Business owners trickled into New Orleans on Saturday, poking through glass shards and musty offices as the head of the federal relief effort warned in the strongest terms yet that the city is still unsafe for the 180,000 people being invited to return this week by Mayor C. Ray Nagin.
The dire assessment by Vice Adm. Thad W. Allen, appointed by President Bush to oversee the Federal Emergency Management Agency's recovery program, places him at odds with a mayor under increasing pressure from the business community to demonstrate New Orleans is on the mend.
"The return of the general population to the city of New Orleans is problematic," Allen, the Coast Guard's chief of staff, said in an interview. The mayor announced on Thursday a phased-in return beginning this weekend with businesses followed soon by three neighborhoods with minimal damage.
Water, sewage and electrical systems are unable to "meet the basic needs of the businesses and residents who return," Allen said in a statement. He urged people "to use extreme caution if they return and to consider delaying their return until safer and more livable conditions are established."
In St. Bernard Parish, officials allowed small groups to return Saturday to retrieve belongings, though many left empty-handed. Authorities estimated that more than half of the 25,000 houses in the parish are damaged beyond repair. "They talk about rebuilding all these homes, but there's no way," said George Ansardi, a general contractor, outside his destroyed house.
Allen is concerned about myriad unresolved health, safety and environmental dangers that could worsen as thousands descend on a city where entire neighborhoods are uninhabitable and cleanup crews have donned masks, rubber gloves and white body suits to protect themselves.
"You need to address these issues and reduce risks before the general population can be let back into the city," he said.
Although Allen acknowledged that the decision to reopen the city ultimately lies with the mayor, he plans to meet with Nagin on Monday to discuss his fears directly. Nagin was visiting his family Saturday in their relocated home in Dallas. In a briefing Friday, his homeland security director and the city attorney acknowledged the poor conditions and lack of basic services, and warned that people entered New Orleans at their own risk.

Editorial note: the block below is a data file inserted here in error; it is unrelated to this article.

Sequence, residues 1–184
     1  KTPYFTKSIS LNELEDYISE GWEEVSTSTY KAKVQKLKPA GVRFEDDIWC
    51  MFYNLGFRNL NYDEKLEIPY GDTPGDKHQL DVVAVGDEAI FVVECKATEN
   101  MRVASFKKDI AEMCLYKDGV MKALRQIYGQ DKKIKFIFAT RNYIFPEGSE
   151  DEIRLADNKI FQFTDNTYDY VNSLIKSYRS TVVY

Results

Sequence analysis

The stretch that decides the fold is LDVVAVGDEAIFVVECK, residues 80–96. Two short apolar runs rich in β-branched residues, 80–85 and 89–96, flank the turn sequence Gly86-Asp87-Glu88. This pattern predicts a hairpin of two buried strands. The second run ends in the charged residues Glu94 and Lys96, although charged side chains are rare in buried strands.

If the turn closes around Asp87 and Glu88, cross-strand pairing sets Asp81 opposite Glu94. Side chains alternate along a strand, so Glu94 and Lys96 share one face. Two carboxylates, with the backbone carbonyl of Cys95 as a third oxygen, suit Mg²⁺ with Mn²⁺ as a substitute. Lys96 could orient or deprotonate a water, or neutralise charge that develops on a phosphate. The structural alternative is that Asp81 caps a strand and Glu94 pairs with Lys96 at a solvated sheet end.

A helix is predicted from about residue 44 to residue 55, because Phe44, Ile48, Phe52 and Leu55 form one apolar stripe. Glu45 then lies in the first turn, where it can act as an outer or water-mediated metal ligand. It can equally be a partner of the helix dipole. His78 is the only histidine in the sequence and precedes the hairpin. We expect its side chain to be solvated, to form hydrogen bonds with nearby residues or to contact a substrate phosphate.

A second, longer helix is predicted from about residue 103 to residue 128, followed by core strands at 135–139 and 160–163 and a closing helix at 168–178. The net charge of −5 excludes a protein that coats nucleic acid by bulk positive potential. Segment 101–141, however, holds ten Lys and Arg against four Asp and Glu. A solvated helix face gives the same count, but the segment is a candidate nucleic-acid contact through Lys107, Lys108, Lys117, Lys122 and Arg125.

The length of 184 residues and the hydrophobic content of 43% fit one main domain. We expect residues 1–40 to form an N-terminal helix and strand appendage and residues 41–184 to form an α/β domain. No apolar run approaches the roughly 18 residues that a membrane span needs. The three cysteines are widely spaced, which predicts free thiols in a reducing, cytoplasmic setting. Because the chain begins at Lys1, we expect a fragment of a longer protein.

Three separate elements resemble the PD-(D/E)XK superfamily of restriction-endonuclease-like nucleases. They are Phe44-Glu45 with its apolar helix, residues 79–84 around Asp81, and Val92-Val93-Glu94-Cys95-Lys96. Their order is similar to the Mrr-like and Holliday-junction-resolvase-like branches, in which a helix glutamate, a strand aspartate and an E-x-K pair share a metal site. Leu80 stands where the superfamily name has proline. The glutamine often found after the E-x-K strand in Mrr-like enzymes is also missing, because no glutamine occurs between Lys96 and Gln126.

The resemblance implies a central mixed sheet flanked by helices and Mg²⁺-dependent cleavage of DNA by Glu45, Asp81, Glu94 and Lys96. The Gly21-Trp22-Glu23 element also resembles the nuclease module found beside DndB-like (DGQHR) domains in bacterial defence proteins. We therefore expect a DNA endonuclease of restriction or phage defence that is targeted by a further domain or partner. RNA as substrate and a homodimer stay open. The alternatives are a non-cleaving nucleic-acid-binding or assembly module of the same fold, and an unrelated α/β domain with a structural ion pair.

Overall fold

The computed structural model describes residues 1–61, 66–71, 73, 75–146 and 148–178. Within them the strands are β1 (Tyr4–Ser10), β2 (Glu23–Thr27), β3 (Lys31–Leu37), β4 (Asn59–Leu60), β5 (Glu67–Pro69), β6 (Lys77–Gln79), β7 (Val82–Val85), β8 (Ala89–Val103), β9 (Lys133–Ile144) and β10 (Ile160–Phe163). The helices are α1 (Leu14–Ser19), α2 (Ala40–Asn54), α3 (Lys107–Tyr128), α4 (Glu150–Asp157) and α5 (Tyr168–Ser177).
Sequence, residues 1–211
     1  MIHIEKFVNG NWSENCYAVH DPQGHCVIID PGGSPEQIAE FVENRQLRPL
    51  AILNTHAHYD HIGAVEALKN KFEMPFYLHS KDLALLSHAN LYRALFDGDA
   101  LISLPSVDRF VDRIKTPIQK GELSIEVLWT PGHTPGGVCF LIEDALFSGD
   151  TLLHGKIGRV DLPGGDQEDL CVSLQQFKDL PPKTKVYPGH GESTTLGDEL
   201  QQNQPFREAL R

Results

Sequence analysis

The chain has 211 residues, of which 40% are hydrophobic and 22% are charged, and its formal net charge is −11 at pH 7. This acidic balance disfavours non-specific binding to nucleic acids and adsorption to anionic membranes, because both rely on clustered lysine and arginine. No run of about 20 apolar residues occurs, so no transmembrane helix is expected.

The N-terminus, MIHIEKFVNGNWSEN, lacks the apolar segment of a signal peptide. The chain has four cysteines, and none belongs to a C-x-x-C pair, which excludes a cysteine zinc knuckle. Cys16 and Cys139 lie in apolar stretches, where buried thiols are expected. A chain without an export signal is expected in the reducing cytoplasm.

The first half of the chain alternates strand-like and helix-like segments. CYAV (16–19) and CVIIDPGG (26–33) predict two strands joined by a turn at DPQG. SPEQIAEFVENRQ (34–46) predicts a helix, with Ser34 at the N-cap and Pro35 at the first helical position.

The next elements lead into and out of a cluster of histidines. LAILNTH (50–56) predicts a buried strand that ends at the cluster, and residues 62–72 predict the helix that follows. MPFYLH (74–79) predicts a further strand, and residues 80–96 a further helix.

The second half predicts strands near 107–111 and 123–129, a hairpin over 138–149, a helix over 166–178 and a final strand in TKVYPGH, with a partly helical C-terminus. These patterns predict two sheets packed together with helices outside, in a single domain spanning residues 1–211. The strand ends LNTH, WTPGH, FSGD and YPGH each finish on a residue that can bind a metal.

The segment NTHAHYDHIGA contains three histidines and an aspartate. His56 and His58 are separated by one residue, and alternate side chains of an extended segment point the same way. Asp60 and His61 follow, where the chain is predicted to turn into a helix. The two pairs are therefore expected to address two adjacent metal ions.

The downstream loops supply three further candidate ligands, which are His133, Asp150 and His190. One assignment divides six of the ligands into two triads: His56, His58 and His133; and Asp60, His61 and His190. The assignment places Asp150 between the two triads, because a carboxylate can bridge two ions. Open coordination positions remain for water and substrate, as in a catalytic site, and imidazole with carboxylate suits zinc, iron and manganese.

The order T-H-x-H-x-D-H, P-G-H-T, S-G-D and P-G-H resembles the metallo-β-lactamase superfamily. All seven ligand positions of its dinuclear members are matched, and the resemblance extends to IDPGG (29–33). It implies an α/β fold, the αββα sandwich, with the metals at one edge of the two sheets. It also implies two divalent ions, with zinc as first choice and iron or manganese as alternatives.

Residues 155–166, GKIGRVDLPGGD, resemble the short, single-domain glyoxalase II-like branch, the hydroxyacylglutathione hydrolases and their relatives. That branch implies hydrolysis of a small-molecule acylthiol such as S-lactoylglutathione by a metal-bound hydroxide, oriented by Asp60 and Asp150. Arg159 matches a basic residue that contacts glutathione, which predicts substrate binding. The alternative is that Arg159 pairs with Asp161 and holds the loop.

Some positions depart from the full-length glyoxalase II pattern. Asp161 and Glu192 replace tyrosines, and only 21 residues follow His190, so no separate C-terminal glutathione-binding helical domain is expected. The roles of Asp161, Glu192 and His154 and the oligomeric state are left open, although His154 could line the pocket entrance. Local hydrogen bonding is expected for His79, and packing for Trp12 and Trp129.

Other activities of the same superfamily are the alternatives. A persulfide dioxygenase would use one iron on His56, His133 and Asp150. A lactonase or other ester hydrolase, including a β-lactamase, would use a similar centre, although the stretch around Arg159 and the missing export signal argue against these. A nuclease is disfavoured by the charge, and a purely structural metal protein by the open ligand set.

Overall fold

Allen's unusual decision to openly challenge Nagin's plan to allow thousands of people to return to New Orleans was reminiscent of the early political squabbling of the Hurricane Katrina disaster. Even now, as the crisis approaches the three-week mark, state and federal leaders often hold simultaneous, dueling news conferences in Baton Rouge, and some have said they are not in contact with Nagin and do not even know the phone numbers of the mayor or his top aides.
On the first day business owners were officially allowed to return, the anticipated mass traffic jams and checkpoint quagmires never materialized. After vowing to conduct detailed checks -- requiring documentation proving that people who returned to the city owned business -- New Orleans seemed to forget its resolve. Many entrances to the city were left unguarded, and cars breezed along streets that still lack working traffic signals. At some checkpoints, the arriving business owners were better informed than the troops guarding the entrances.
Sean Wallace, a mixed-media artist, encountered a stupefied guard on his way in from northwest of the city. "He asked me, 'Why are you coming in?' " Wallace said. "It was the first he'd heard about businesses being let back in."